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Calibrated Deterioration Models

Created Dec 22, 2021 (15:02) by Unknown User (Helen Gardner)

A deterioration model is used to account for the effect of age, environmental conditions, and past hazardous events on the state of structures and infrastructure. A calibrated model is a mathematical formulation where the model parameters have been calibrated based on field/experimental data.

Candidate Tsunami Intensity Measures

Created Dec 22, 2021 (15:02) by Unknown User (Helen Gardner)

Tsunami intensity measures characterize the tsunami hazard (see tsunami intensity measure definition). Candidate intensity measures include inundation depth, flow velocity, momentum flux, moment of momentum flux, duration of flooding, and time to reach a certain inudation depth (tsunami arrival time).

Capital Stock

Created Dec 22, 2021 (15:02) by Unknown User (Helen Gardner)

Business "In the USA, the equity shares in a corporation. The two basic types of capital stock are common stock and preferred stock. Common Stock is the US name for ordinary shares or a fixed unit of the share capital of a company; Preferred stock is the US name for a preference share or a share in a company yielding a fixed rate of interest rather than a variable dividend.” (Law 2016; web) [Law, J. L. (2016). Capital stock. In J. Law (Ed.), A Dictionary of Business and Management. Oxford University Press. Retrieved from http://www.oxfordreference.com/view/10.1093/acref/9780199684984.001.0001/acref-9780199684984-e-974 ] Banking "Conforms to the definition of unimpaired capital and unimpaired surplus contained in Regulation O and in the Comptroller's formula for calculating single-borrower loan limits." (Cocheo 1996; web) [Cocheo, S. (1996) "The Federal Reserve is adopting a definition of capital stock and surplus for purposes of Section 23A." ABA Banking Journal: 84. Business Insights: Global. Retrieved from: http://bi.galegroup.com.colorado.idm.oclc.org/global/article/GALE%7CA18509547?u=coloboulder ]

Cascadia Subduction Zone (CSZ) Hazard

Created Dec 22, 2021 (15:02) by Unknown User (Helen Gardner)

The Cascadia Subduction Zone (CSZ) is a "megathrust" fault that is approximately 700 miles (1,030 km) long, dipping fault that stretches from Brooks Peninsula on Vancover Island in British Columbia to Cape Mendocino in California. All along this zone, which begins beneath the seafloor to the west and extends inland towards the Cascade and Coastal mountains, the subducting plates are forced beneath the North American Plate. Recent scientific evidence revealed that a partial rupture of CSZ has the potential of generating a series of large earthquakes (each measuring M8 to M8.5) over a period of years, while a full-rupture CSZ event is an end-to-end earthquake rupture that could result in M8.7~M9.3 earthquakes.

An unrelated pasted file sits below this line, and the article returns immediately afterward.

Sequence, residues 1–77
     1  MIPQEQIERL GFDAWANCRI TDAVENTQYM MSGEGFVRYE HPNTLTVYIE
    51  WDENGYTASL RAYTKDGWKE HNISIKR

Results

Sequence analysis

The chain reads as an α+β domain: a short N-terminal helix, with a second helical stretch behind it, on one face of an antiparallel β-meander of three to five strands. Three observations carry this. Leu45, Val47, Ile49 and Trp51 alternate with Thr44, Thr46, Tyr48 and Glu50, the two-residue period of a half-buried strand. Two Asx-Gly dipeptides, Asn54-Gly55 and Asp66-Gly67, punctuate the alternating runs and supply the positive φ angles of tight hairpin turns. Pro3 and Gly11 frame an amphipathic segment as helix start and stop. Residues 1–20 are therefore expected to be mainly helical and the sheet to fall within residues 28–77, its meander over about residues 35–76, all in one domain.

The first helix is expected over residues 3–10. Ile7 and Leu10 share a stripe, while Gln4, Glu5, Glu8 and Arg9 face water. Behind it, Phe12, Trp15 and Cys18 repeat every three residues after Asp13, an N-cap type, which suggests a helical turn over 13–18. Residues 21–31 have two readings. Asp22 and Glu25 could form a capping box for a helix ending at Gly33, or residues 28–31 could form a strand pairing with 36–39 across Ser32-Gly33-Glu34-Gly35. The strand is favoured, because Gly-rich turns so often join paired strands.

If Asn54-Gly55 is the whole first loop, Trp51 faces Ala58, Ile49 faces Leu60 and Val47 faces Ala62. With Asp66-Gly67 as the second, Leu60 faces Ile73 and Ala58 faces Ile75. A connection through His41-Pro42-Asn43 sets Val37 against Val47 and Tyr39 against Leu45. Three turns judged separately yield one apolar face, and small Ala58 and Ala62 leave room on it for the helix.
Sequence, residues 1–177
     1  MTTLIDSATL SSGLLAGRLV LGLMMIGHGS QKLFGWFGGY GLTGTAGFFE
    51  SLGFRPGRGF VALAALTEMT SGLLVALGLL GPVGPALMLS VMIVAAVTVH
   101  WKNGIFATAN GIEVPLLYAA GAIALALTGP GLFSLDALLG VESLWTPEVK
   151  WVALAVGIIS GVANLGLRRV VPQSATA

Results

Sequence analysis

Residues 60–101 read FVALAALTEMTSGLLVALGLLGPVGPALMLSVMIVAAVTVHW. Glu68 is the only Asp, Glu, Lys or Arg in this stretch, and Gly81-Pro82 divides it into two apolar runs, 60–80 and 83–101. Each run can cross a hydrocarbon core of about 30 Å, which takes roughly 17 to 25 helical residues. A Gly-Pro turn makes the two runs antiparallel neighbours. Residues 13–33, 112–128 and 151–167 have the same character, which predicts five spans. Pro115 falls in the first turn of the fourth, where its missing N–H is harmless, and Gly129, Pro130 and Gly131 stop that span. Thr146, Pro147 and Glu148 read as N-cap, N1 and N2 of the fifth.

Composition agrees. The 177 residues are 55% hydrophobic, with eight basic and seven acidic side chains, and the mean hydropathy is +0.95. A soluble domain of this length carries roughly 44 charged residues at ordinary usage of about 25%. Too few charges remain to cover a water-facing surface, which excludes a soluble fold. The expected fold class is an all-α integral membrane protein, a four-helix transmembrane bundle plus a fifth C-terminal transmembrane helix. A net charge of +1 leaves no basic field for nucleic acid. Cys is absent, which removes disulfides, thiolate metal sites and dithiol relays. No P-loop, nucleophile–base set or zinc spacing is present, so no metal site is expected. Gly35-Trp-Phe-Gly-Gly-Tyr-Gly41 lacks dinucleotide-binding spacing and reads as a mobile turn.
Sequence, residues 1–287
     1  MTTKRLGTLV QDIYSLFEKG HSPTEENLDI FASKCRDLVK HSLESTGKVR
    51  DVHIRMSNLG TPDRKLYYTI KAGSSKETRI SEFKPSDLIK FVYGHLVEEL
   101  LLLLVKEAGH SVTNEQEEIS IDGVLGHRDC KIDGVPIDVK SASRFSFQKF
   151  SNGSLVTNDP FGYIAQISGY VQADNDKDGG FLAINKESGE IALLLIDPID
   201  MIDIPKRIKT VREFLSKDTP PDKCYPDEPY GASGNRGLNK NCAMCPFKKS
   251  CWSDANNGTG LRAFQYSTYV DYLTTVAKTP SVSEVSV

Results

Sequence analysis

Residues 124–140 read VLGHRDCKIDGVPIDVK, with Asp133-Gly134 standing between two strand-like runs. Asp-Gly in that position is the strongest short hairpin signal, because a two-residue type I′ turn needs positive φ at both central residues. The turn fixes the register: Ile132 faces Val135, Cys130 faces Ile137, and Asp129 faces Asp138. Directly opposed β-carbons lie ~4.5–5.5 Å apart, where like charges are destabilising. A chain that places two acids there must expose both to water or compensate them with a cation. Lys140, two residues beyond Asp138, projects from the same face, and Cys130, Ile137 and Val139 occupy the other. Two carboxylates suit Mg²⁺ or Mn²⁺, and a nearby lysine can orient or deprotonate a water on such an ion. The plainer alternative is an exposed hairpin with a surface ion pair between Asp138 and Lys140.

Cascading Hazards

Created Aug 12, 2020 (00:00) by Unknown User (Helen Gardner)

Cascading hazards are those in which a primary hazard is followed by a sequence of secondary hazard or hazards as a direct or indirect result of the primary hazard. For example, earthquake ruptured natural gas pipelines could result in fires and explosions that dramatically escalate the type and magnitude of the initial impact to the infrastructure.

Cascading Social Impacts

Created Aug 12, 2020 (00:00) by Unknown User (Helen Gardner)

[Cascading] social impacts are “social disturbances that a hazard agent inflicts when it strikes a community”. These “[s]ocial impacts comprise psychological impacts, demographic impacts, economic impacts, and political impacts.” (Lindell, 2013). Psychological impacts can include psychological distress, domestic violence and “long-term adaptive consequences, such as changes in risk perception (beliefs in the likelihood of the occurrence a disaster and its personal consequences for the individual) and increased hazard intrusiveness (frequency of thought and discussion about a hazard)” (Lindell, 2013). Demographic impacts are result of changes in the demographic balancing equation, that is, births, deaths, immigrations, and out migrations. Economic impacts include property damage, damage to community economic functioning, loss income and wages, and any additional costs incurred by a community as a result of the disaster. Political impacts can include: “social activism resulting in political disruption”, conflicts between stakeholders, and constituent dissatisfaction with government. [Lindell, M. K. (2013). Recovery and reconstruction after disaster. Encyclopedia of natural hazards, 812-824.] Engineering Interconnected and "unexpected disruptions (e.g., due to factors such as natural disasters or hostile human activities)," that cause "the performance of the city and the well‐being of the society can be significantly impacted, resulting in social consequences such as economic loss, humanitarian crisis, and even demographic loss." (Lu et al. 2018; 301) [Lu, L., Wang, X., Ouyang, Y., Roningen, J., Myers, N., & Calfas, G. (2018). Vulnerability of interdependent urban infrastructure networks: Equilibrium after failure propagation and cascading impacts. Computer‐Aided Civil and Infrastructure Engineering, 33(4), 300-315.]